Yesterday, I walked into the well-appointed lobby of the assisted living where my friend is staying. Locked in an era long gone by, a dozen folks were gathered around the grand piano while someone played "Has Anybody Seen My Gal." Some were singing along. Most of the ladies were wearing some version of a pantsuit or elastic waist pants with a decorated t-shirt. The men favored track suits -- their current track being a walker-walk from the elevator to the dining room.
In my mind, I flashed forward thirty or so years to when my peers and I would enjoy a similar living situation. Certainly the musician in our Starbucks and Burning Man-themed lobby would be playing "oldies" such as "Smells Like Teen Spirit," and "Head Like a Hole." What would we be wearing? Denim overalls and concert t-shirts? A flannel and orthopedic combat boots? (Great idea, I know. That's my gift to you Doc Martens.)
Would we bring our own era with us, or is there a set expectation of what elderly looks like? Certainly the assisted living of 2045 will have tenants with tattoos, full sleeve tribal ink sticking out of their dressing gowns. Instead of rolling into the beauty parlor for a blue rinse and a wash and set, will there be a dread specialist at our salon? Will we still be getting blow outs when our hair is white?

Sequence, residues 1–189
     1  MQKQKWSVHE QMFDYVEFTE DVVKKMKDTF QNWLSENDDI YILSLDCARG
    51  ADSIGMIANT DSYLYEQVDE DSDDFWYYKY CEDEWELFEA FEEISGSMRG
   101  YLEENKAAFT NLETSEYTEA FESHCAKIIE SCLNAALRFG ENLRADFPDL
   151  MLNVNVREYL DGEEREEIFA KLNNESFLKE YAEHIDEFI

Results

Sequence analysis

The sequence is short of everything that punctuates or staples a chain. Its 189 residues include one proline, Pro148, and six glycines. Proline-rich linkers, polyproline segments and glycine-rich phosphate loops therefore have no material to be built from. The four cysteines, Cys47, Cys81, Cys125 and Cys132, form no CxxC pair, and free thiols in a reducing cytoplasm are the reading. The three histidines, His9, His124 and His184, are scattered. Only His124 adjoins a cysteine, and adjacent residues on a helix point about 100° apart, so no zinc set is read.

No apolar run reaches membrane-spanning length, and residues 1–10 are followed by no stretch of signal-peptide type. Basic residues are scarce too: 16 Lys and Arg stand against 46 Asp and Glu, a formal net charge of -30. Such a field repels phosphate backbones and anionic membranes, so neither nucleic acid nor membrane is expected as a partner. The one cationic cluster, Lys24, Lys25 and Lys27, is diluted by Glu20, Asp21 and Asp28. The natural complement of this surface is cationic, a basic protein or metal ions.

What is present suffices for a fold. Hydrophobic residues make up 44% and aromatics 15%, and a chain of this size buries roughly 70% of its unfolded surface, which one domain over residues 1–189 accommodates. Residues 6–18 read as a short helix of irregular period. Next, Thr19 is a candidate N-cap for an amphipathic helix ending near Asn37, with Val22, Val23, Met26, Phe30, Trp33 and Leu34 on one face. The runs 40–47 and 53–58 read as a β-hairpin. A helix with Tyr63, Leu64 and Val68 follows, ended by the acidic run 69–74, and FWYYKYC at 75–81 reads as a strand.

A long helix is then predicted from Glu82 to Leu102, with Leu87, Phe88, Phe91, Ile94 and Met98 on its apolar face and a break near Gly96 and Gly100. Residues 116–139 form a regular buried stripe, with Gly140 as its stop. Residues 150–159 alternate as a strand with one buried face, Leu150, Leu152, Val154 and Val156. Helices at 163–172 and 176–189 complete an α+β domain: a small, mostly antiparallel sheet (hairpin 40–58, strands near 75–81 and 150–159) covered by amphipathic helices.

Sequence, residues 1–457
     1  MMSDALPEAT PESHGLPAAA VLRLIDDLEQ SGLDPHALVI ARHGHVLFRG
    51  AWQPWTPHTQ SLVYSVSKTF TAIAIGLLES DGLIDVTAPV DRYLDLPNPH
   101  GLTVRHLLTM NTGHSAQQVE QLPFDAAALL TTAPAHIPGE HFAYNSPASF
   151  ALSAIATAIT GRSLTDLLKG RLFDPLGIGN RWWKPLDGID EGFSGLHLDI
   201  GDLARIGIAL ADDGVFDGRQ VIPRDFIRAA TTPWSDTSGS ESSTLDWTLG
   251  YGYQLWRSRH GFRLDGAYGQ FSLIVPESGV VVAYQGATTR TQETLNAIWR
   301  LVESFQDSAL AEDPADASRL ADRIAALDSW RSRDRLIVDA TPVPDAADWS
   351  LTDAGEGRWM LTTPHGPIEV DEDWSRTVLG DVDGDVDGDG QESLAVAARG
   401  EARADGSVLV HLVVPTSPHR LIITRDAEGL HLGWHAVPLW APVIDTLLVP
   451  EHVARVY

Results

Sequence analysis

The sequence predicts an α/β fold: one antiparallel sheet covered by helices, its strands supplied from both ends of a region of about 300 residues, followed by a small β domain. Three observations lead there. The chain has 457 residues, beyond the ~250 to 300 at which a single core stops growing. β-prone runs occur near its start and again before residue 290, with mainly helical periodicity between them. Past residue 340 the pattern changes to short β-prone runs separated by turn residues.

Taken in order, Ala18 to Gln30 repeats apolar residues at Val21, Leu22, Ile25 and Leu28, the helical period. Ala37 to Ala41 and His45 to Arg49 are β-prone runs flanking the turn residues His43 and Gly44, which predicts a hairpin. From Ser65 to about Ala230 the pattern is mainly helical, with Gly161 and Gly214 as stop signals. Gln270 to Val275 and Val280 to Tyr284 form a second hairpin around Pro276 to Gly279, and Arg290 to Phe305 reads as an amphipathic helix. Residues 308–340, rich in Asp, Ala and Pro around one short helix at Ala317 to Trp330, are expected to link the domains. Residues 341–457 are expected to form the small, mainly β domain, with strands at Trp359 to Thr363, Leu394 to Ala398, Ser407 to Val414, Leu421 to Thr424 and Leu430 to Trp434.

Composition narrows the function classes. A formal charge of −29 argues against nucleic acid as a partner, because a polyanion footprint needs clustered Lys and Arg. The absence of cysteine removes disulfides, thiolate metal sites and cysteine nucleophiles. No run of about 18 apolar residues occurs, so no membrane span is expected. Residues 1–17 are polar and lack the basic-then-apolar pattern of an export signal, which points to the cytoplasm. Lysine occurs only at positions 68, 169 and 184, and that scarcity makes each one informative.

What innovations will there be? Maybe we will be riding on Rascals fueled by jet packs. Perhaps our nurses will be pleasant and attentive robots, our vitals checked via arm implanted computer screens. I foresee a future of Saturday nights, sitting in dark rooms watching movies like The Breakfast Club and Fast Times at Ridgemont High, sipping our mocaccino-flavored Ensures.
I'm five short years away from the prime-time to buy into extended care insurance. I'm not planning on making the move anytime soon, but when I do I'll expect to crowd surf my way into the building.